Every morning, the fine folks at Sports Radio Interviews sift through the a.m. drive-time chatter to bring you the best interviews with coaches, players, and personalities across the sports landscape. Today: "The first 30 hot dogs are fun." Gross.
Joey Chestnut joined XX Sports Radio in San Diego with Josh and Charod to discuss the pain of competitive eating, at what hot dog number the mental strength becomes a factor, how he celebrated the victory, what his doctor says about what he's doing to his body, the weirdness of Kobayashi, if competitive eating is a sport and what he eats when he just has a leisurely meal.
Is there pain in competitive eating?
"It's weird. There's no real direct pain, but every day my body is telling me to stop. There's a mental thing where I'm making my body do what I want it to do when everything is just saying, ‘Stop.' Even when the other eaters are stopping, I just have to push past what feelings I have."
At what number of hot dogs would you say that kicks in?
"Usually right about 40 hot dogs, that's the point where we all start slowing down. That's where you can really tell I'm working. I'm making funny faces. It looks like every hot dog is work. That's where it's no longer fun to eat. The first 30 hot dogs are fun. I love to eat, naturally. But the last hot dogs, the last 35 hot dogs, those are the tough ones. Those are the ones that separate the men from the boys."
When other people win championships, they go out that night and celebrate. What do you do?
"I tried to go out, but after the contest, I had to do interviews and stuff for about an hour and a half or two hours and then I'm exhausted. The food's settled deep in my stomach and all of my body's energy goes toward digesting and then I fall asleep. I was in bed for about four hours, then I woke up running to the bathroom and then I made it out at about 11 p.m. that night drinking, and the bars are open until 4."
What do doctors tell you about what you do for a living?
"It took a long time for me to find the right doctor. Most doctors, they're really book smart, and most doctors will tell you that boxing's not healthy or even marathon-running isn't healthy, to a degree. I found a doctor who appreciates competition and sport and my doctor says it's just like anything - it's how you recover, how you prepare for it and how long am I going to be doing this to my body? And what can I do to minimize the long-term effects? My normal diets pretty good and I try to exercise, even though I hate it."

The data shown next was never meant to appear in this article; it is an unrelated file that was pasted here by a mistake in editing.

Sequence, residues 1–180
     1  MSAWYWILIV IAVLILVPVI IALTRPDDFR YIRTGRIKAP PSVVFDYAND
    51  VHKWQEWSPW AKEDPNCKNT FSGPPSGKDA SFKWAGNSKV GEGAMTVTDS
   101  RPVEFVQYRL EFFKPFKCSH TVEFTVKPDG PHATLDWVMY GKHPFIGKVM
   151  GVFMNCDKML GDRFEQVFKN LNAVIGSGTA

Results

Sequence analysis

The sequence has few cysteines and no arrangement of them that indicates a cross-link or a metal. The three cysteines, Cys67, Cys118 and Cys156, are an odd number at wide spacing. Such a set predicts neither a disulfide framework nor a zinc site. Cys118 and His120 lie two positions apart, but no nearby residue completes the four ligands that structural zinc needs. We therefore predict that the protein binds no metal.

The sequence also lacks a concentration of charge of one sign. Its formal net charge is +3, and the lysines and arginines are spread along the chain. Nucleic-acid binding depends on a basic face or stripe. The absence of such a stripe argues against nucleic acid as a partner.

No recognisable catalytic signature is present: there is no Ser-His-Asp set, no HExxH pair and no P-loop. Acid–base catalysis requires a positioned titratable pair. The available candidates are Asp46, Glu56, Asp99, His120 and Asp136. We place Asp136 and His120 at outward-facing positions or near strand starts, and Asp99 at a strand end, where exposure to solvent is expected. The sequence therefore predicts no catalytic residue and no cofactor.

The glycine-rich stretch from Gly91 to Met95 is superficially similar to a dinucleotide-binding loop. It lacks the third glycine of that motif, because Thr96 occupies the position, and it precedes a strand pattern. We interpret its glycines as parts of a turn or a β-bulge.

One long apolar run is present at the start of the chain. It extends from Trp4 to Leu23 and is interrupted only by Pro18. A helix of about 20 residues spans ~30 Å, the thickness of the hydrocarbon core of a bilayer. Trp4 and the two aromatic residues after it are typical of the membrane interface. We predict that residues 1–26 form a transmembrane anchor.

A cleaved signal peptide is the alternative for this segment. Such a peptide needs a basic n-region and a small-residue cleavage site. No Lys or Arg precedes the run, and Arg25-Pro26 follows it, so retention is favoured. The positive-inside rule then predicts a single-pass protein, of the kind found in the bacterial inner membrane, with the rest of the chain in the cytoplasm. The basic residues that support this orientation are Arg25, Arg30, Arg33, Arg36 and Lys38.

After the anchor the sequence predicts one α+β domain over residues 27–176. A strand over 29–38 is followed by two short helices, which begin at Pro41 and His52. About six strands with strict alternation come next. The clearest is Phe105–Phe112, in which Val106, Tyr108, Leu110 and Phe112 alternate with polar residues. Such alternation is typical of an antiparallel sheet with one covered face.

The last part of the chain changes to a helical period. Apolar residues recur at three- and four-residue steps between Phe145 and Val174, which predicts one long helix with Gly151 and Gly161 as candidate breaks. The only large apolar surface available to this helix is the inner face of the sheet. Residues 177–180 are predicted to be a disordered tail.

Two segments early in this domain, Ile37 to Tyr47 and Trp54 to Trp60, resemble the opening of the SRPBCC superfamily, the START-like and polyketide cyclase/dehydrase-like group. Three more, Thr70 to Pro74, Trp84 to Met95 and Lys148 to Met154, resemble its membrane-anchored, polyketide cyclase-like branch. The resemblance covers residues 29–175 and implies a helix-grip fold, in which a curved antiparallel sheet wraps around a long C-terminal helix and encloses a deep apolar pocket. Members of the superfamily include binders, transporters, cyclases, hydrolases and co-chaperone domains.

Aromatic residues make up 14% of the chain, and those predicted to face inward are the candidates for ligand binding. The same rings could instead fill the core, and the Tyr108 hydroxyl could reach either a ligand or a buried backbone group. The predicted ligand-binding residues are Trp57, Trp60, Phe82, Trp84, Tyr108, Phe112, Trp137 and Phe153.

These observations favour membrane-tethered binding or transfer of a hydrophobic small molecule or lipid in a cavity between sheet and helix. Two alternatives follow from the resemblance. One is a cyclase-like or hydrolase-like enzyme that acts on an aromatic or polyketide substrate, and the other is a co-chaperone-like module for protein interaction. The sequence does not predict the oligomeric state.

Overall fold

Every great champ has a great nemesis and it appeared Kobayashi would be yours, but what's going on with him right now?
"Oh, he's off. He makes excuses about injuries and he comes out and even though he ate better than he ever had before, he says he was injured, that's why he lost. And after he loses a couple times, he says his contract is bad and he doesn't want to compete with that contract even though it's the same contract he's been competing with for nine years, the same contract I'm eating with."
Is this a sport and are you an athlete?
"I consider myself an athlete. I consider it a sport. But I can see that there's arguments from people who say it's not a sport. … There's people who can pick things apart if they try, but if you actually look at competitive eating and watch the contests, you'll see that we're pushing each other and you see the competition among the people on stage. It's obvious it's a sport. We didn't just wake up in the morning and say, ‘I feel like eating 68 hot dogs.' I trained for that contests for weeks and weeks and weeks and I tried to peak on the day of the event."
What do you order when you just want to sit down and eat leisurely?
"I love to eat. That's one thing about me, I love eating and I love competition, but if it's good food, I sometimes get carried away. … I sometimes eat more than most people, but for the most part I keep track of my calories. I'll eat normal-sized portions. … Next weekend I'll probably be going to a baseball game and I'll probably have a hot dog."
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